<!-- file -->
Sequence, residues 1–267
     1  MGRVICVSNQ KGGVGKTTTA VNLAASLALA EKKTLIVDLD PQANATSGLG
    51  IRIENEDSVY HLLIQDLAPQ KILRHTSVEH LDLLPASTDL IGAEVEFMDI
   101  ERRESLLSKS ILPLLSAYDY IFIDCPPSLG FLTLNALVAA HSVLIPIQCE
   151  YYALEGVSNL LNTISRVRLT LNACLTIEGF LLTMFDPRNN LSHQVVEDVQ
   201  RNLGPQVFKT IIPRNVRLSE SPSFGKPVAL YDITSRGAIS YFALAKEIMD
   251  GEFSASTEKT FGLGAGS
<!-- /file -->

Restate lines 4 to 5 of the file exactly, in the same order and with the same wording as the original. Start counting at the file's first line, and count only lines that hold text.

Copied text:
   101  ERRESLLSKS ILPLLSAYDY IFIDCPPSLG FLTLNALVAA HSVLIPIQCE
   151  YYALEGVSNL LNTISRVRLT LNACLTIEGF LLTMFDPRNN LSHQVVEDVQ